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Understanding the challenges around CSR spends

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By Rajeev Nair (Principal Associate) & Nishant Sogani (Associate), Rajani Associates

Corporate Social Responsibility in India is governed by the Companies Act, 2013 (Act) under Section 135 which mandates every company having
(i) net worth of INR 500 crore or more, or
(ii) turnover of INR 1,000 crore or more, or
(iii) a net profit of INR 5 crore or more
during the immediately preceding financial year to constitute a Corporate Social Responsibility Committee of the Board which shall formulate a Corporate Social Responsibility Policy of the company and shall ensure that the company spends, in every financial year, at least 2% of the average net profits of the company made during the three immediately preceding financial years in the areas or subjects specified in Schedule VII of the Act.

Proposed amendment to Section 135 of the Companies Act

The Ministry of Corporate Affairs (Ministry) is proposing to amend the Act in order to inter alia strengthen the enforcement framework in relation to the CSR spends made by the companies.
The Ministry proposes to add a provision which require that any amount remaining unspent under sub-section (5) of Section 135 of the Act to be transferred by the company within thirty days from the end of the financial year to a special account to be opened by the company in that behalf for that financial year in any scheduled bank to be called the ‘Unspent Corporate Social Responsibility Account’ and such amount to be spent by the company in pursuance of its Corporate Social Responsibility Policy within a period of three financial years from the date of such transfer.
The Ministry felt the need for such amendment as many companies were not fully using the amounts earmarked for CSR activities and there have been instances of diversion of such earmarked funds. As per the existing provisions of Section 135 of the Act, the Company has to just explain the reason for not spending the amount earmarked for CSR.
However, in terms of the proposed amendments, the companies will have to transfer the unspent funds to ‘Unspent Corporate Social Responsibility Account’. This is expected to further coax the companies to show more willingness towards CSR spending so as to avoid having a situation of accrual of CSR spend in the balance sheets, which eventually may have to be transferred to the unspent account.
Such accrual of unspent CSR spend, and its eventual transfer to the unspent account, defeats the very objective of having the CSR provisions in the first place.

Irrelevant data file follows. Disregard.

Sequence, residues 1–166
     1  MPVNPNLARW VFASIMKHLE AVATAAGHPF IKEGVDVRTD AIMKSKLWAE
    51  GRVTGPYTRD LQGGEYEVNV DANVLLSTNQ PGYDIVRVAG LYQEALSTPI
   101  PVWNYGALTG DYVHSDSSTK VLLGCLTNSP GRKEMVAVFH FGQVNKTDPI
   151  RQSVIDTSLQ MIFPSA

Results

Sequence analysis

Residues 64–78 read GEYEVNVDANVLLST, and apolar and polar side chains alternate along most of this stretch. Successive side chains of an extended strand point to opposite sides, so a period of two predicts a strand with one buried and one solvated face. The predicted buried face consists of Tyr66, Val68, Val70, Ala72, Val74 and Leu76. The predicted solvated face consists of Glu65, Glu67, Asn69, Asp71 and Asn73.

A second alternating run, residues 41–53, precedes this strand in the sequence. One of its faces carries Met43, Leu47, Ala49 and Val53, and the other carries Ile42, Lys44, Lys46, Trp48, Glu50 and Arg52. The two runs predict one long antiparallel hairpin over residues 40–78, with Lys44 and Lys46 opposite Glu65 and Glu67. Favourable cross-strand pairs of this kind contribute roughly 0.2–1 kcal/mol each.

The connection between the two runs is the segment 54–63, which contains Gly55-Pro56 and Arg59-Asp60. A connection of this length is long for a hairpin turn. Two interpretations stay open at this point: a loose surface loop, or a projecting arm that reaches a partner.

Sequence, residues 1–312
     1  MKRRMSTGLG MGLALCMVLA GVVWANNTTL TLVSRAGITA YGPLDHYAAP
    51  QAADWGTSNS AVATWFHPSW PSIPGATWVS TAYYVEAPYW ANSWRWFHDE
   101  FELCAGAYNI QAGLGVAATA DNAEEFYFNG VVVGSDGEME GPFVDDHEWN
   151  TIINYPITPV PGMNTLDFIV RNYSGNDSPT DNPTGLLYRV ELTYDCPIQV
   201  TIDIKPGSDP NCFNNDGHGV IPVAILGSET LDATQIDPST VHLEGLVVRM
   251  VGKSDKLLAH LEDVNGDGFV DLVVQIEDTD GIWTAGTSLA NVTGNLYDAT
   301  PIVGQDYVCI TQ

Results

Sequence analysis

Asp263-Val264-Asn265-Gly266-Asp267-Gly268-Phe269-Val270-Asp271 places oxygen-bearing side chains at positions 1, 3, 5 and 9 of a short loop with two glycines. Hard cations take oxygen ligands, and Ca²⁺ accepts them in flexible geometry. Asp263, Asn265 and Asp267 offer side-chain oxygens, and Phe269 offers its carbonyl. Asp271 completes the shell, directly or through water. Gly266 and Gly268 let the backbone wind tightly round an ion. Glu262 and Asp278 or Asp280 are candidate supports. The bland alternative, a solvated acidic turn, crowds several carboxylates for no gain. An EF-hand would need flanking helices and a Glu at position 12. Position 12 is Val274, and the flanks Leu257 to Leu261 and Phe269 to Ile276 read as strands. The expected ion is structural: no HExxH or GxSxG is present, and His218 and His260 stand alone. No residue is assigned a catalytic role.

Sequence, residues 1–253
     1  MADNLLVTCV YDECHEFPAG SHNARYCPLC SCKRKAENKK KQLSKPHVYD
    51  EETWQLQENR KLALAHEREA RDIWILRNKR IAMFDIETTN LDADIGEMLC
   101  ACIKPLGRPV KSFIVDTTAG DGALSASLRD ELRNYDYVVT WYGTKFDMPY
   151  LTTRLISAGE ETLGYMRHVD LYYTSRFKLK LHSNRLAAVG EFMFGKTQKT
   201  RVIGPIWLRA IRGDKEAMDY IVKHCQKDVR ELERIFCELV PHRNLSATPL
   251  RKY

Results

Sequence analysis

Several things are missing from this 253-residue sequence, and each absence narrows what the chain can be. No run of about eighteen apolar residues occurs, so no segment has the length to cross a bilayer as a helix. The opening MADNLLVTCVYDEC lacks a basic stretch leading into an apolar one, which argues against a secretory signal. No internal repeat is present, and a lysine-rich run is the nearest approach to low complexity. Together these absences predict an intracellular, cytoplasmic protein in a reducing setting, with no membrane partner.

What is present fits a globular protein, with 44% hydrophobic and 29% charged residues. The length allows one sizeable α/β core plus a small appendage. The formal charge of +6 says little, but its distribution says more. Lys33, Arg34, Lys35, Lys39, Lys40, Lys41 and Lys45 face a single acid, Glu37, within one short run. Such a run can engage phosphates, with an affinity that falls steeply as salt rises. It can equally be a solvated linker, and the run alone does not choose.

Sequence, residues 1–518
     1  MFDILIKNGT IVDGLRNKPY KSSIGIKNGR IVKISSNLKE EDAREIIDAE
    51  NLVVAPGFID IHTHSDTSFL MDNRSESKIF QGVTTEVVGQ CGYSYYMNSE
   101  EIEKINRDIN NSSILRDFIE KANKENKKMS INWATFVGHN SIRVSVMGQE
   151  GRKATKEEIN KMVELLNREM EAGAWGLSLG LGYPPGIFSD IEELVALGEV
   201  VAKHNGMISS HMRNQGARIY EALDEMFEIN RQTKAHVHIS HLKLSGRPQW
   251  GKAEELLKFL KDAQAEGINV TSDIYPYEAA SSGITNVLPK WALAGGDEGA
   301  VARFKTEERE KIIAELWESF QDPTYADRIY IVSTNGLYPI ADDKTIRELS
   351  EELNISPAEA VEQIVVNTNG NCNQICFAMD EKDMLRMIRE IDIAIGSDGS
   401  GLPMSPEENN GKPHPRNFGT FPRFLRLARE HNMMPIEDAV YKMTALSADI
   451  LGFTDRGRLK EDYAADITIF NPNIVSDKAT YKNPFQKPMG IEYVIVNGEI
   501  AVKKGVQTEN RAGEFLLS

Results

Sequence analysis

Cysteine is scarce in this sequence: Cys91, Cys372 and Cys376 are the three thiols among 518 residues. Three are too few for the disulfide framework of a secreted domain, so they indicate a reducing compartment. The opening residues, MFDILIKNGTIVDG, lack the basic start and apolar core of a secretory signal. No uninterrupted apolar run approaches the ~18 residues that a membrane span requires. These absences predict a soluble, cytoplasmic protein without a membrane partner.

Challenges faced by the companies in CSR activities

Companies which are willing to take initiatives and undertake spending towards their CSR activities often encounter challenges at the grass root level while implementing its CSR policies. Such challenges, to name a few, include lack of community participation in CSR activities, lack of awareness among people of the CSR initiatives undertaken by the companies in their area, lack of local capacities and infrastructure and issues of transparency of working of implementing agencies.

The role of a legal advisor in addressing these challenges

A legal adviser has a pertinent role to play in the entire CSR ecosystem by advising the companies to understand the regulatory paradigm pertaining CSR and assisting the companies in successful and effective implementation of their CSR initiatives.
A legal adviser may also advise companies on formulation of their CSR policies which provides for the CSR framework of the companies and the roadmap for effectively implementation of their CSR endeavors.

In conclusion

More than the monetary aspect, willingness seems to be a pre-requisite for undertaking CSR in India. Here, it becomes very apt to quote ‘Where there is a will there is a way’.
One can also understand from the proposed changes to the CSR, that quite a few companies do not spend the entire funds earmarked towards CSR spending. Though, it may be argued that such instances pale before the cases where the companies fail to even set aside funds for CSR.
The proposed amendment aptly targets another aspect viz. unspent CSR amounts wherein the Ministry aims to discourage the practice of hoarding of CSR funds. This will necessitate the corporates to actually spend on CSR, rather than merely earmarking funds, since that goes a long way in realizing the ulterior spirit of having CSR regime in place.
It is indeed a step in the right direction, but it would not be inappropriate to concur that the CSR is still at its infancy in India and that it may require a considerable time before this ‘infant’ actually graduates to take concrete steps ahead towards maturity wherein the companies would eventually undertake CSR spends responsibly in the right spirit and not as a matter of one of the compliance aspects.

Views of the authors are personal and do not necessarily represent the website’s views.

Rajeev Nair
Rajeev Nair
Nishant Sogani, Rajani Associates
Nishant Sogani

Rajeev Nair is Principal Associate, Rajani Associates. He has been with the firm since 2010. He is currently a part of the Merger & Acquisition Team. Rajeev has passed his LL.B. examination in the year 2007. He is also a qualified Company Secretary from the Institute of Company Secretaries of India. Nishant Sogani has been with the Firm since 2019. He is currently a part of the Mergers & Acquisitions and General Corporate Team. Nishant has passed his LL.B. examination in the year 2013. His interest lies in travelling and watching movies.

 

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